Health Tips for Moms

woman-seating-outdoorsThis Mother’s Day, give your children the best gift of all by staying healthy for them.

While family members ponder what gifts to give mom on Mother’s Day, let’s turn the tables and ponder what gift mom could give to her family. Her love, of course, but what about her own good health?

So moms, as you soak in everyone’s love and gratitude this Mother’s Day, think about ways that you can be – and stay – healthy. It’s a gift that you’ll be giving yourself, as well as to your family.

Here are five useful tips for being and staying a healthier mom:

1. Be goal-oriented: Sticking with an exercise regimen can be a challenge. If you’re a super busy mom (is there any other kind?), the challenge can be all the more daunting. One way to stay motivated is to link your fitness exercises to a goal that generates positive feelings. For example, if you need to lose weight, set a reasonable target and time frame, such as “lose five pounds in a month.” Celebrate victory when you reach your goal. If you’ve been yearning for more quiet time alone, consider treadmill or yoga sessions. If you seek more family time, invite the kids to join you on a brisk evening walk.

2. Eat fruits and vegetables that are diet-friendly: Eating more fruits and vegetables enhances health, but which ones are best for helping shed a few pounds? According to the Centers for Disease Control it’s the fruits and vegetables with high water (and fiber) content, such as watermelon, grapefruit, cantaloupe, strawberries, lettuce, cucumbers, celery, and zucchini. The CDC offers an online calculator for determining how many fruits and veggies an individual needs to eat each day based on age, gender and activity level.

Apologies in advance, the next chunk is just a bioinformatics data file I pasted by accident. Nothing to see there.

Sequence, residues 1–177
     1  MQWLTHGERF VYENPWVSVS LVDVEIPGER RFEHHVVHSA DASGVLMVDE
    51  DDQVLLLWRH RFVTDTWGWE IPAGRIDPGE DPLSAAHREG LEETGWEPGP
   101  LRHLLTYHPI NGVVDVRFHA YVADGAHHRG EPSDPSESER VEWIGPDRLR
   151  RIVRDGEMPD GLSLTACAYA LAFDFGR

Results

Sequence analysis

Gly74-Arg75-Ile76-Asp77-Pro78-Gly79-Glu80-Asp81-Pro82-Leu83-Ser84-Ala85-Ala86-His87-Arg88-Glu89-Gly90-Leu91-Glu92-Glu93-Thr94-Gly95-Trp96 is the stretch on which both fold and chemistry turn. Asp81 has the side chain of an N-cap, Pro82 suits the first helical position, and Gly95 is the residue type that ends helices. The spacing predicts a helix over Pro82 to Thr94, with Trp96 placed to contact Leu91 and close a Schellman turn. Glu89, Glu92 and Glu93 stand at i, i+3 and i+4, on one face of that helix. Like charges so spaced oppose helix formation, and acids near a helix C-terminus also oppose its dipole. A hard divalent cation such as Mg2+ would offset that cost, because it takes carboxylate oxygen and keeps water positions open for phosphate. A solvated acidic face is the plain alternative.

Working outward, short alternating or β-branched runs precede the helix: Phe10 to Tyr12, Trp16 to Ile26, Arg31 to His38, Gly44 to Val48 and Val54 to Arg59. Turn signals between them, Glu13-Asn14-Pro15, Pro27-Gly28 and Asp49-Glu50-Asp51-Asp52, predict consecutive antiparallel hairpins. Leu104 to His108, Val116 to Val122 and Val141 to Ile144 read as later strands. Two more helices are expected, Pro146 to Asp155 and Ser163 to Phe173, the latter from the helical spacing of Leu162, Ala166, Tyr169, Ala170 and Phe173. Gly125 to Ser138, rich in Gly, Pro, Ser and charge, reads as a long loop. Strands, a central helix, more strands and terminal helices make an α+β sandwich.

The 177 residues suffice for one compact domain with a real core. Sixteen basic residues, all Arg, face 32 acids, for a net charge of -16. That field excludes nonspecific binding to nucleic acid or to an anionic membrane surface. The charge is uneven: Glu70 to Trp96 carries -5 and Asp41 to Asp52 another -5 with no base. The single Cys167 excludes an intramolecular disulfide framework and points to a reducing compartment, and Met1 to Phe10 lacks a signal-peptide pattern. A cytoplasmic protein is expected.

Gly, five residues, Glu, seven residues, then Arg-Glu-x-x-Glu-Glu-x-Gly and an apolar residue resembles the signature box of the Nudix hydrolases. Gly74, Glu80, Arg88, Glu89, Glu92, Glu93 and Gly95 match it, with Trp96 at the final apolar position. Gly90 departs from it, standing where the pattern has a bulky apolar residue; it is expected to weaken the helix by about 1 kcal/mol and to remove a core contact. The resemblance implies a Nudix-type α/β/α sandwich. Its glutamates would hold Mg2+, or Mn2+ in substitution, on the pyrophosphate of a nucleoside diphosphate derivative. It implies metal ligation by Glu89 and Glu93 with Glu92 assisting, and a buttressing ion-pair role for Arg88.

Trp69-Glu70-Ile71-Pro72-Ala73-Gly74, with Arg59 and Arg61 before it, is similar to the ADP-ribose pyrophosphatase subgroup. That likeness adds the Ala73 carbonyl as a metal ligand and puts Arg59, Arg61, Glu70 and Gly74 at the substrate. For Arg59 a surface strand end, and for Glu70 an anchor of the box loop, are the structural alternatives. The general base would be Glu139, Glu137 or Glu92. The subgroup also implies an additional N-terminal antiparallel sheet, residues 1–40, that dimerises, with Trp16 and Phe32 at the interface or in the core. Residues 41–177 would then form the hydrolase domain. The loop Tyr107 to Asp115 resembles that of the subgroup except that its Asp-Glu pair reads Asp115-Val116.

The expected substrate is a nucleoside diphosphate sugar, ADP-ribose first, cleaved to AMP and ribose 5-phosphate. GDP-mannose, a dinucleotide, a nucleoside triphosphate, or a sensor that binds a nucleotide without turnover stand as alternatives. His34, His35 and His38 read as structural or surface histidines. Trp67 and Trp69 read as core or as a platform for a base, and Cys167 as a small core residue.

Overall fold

3. Get your calcium: The body needs calcium for strong bones and teeth and to carry out important health functions, notes the National Institutes of Health. Milk, yogurt and cheese are the main dietary sources of calcium in the U.S. Kale, broccoli and Chinese cabbage are good vegetable sources. Women older than 50 years of age, in particular, need adequate calcium intake to stay healthy. The NIH recommends 1,000 milligram of calcium per day for adults 19 to 50 years old and 1,200 milligrams per day for women 51 and older. To attain those amounts, you can eat a variety of calcium-rich foods or take supplements.

4. Get more zzz’s, please: Many moms complain about lack of sleep, but they’re not the only ones. Sleep deprivation has become nothing short of a public health epidemic in the U.S., according to the Centers for Disease Control. The organization blames, among other factors, “’round-the-clock work schedules and access to technology.” Sound familiar? A solution: don’t keep laptops, tablets, cell phones and TVs running right up to bedtime. The CDC also urges good sleep-hygiene habits: avoid large meals, caffeine and nicotine close to bedtime, go to bed and get up at about the same time each day, even on weekends, and get as close to eight hours of sleep as possible.

5. Remember to Relax: What mom doesn’t encounter stress? Whether you’re a mom with active kids, or a mom caring for elderly relatives, or both, you have reason to feel physically and emotionally drained. Stress can play a role in chronic illness, including cardiovascular disease, notes the Mayo Clinic. However, there are simple behavior and lifestyle choices that can curtain those ailments. You can start by becoming more active, from brisk walks in the morning to more leisurely strolls at night. Other health tips for moms from the Mayo Clinic include finding reasons to smile and laugh, connecting with family and friends, and learning to assert yourself.
Remember moms: By putting yourself – and your health – first you’ll actually be doing something great for your kids, too.

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Categories: Health & Safety
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